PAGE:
Helen: Welcome to Health Literacy Out Loud. I’m Helen Osborne, president of Health Literacy Consulting, founder of Health Literacy Month and your host of Health Literacy Out Loud.
In these podcasts, you get to listen in on my conversations with some really remarkable people, hearing what health literacy is, why it matters and ways we all can help improve health understanding.
Today I’m talking with Meg Poag, the executive director of the Literacy Coalition of Central Texas. With her training as a social worker in health and human services, Meg has worked in the areas of housing, substance abuse, mental health and literacy. Now Meg focuses on the design and delivery of specialized health literacy interventions.
What impresses me most about the work that Meg and others are doing is how they’re using a business model to fund their health literacy programs in a sustainable way. Welcome to Health Literacy Out Loud, Meg.
Meg: Thanks, Helen. I’m glad to be here.
Helen: I’m intrigued. First of all, let’s put this into context. Tell us about those health literacy interventions that you are doing in the Literacy Coalition of Central Texas.
Meg: We have two prongs to our health literacy initiative. One is that we have developed training and materials for adult literacy instructors to infuse health literacy instruction and health content into the adult literacy classroom.
That has actually been very difficult to find funding for. As we shifted our focus to the healthcare arena, we were hoping to get better and more stable funding by offering interventions in healthcare.
Our focus for Health Literacy Forward has been to train direct care staff, doctors, nurses and really anyone who comes in contact with patients to be able to use better communication to help patients understand and to make sure that there is the understanding on the patient’s side to make good decisions about their health.
Helen: I’m intrigued, Meg, that you thought there was better funding if you went the clinical or healthcare route rather than the adult literacy route.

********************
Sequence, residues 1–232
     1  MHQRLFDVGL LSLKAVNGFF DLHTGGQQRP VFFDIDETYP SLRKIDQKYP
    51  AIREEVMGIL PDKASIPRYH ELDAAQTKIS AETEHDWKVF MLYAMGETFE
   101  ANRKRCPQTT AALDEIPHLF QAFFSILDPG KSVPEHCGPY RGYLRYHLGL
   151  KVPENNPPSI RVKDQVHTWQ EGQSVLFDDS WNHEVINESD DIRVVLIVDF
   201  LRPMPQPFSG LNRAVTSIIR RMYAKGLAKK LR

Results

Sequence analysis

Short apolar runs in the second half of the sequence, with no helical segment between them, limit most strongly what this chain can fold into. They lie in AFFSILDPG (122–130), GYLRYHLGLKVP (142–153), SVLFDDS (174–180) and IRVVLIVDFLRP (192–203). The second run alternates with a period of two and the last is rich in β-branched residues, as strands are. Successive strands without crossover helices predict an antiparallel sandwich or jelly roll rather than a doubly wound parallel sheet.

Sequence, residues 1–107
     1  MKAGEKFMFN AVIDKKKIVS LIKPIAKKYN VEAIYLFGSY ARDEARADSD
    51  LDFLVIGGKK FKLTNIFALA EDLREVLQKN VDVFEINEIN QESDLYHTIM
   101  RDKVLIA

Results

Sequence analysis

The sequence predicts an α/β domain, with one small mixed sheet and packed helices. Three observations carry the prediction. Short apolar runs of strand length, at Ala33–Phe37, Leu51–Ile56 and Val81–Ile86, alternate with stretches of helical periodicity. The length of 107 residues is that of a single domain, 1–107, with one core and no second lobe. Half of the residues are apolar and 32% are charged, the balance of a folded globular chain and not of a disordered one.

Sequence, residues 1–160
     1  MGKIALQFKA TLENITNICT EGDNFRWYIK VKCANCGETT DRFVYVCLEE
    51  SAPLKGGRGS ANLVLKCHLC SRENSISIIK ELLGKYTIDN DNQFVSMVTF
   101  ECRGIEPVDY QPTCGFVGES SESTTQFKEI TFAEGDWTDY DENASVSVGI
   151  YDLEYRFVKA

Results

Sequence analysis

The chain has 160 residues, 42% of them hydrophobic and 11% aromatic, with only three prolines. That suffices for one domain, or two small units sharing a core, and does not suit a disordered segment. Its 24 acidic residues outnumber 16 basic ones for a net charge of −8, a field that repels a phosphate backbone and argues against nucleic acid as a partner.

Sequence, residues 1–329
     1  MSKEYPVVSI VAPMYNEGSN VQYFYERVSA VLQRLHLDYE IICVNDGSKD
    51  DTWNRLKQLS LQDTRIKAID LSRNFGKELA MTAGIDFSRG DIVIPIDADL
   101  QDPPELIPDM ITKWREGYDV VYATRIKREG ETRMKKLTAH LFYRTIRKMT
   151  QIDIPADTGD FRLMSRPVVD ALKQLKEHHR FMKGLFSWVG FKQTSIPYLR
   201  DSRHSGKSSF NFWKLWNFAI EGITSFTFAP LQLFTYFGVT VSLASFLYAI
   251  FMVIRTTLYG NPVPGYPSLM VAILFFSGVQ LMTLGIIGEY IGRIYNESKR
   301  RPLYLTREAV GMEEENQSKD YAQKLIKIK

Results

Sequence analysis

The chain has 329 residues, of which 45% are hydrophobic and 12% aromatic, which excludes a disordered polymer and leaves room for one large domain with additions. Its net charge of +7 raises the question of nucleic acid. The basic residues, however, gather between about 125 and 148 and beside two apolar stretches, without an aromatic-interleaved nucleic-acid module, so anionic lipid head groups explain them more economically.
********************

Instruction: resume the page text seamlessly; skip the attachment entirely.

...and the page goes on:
Meg: That’s right. Nationally, there is a huge lack of funding for adult literacy programs, particularly with the goal of my organization of supporting a bunch of nonprofit adult literacy programs that are very volunteer driven and underfunded. That network of programs has zero to no funding.
Helen: Listeners know that my world has always been in healthcare, and we’re always thinking that there is no funding either. Is it even worse when we get to adult education?
Meg: That’s been our experience, yes.
Helen: What a sorry state of affairs. You’re still going at this in two ways. You’re working in your literacy programs, but now you have these health literacy interventions. You’re working to train and help the providers. Is that right?
Meg: Yes. That’s been one aspect of Health Literacy Forward. It’s offering interactive trainings for direct care staff to help them use promising practices, best practices and communication with their patients who are likely to be low health literate.
We’ve also started to offer more assessment services for hospitals to be able to identify where they’re having more strategic challenges in interacting with low literate and low health literate populations, and then being able to offer policy-level solutions to them and providing training and oversight for all the staff in the hospital.
Helen: That’s great. You’re doing the skills, strategies, assessments and policies. What intrigues me is the business part. How did you put this together in a business way?
Meg: It has definitely been a learning process for this social worker. We have a local foundation that wanted to give us a grant to hire a business strategist or consultant. They felt like we had a product that we could probably sell to hospitals and clinics and receive earned income to stabilize our funding.
In applying for foundation grants, we were getting rejected left and right. I don’t know if the philanthropic world is just not interested in health literacy yet or if it ever will be.
Helen: Tell us more about that because I think a lot of listeners are probably trying to get grants. There are little grants, local grants and bigger grants, and then there are great big national grants. You were saying that you weren’t having great success going that route.
Meg: We really weren’t. We found that in order to get the big national grants, you have to be a big player. We are a small nonprofit. We tried doing collaborative grants and none of those were funded.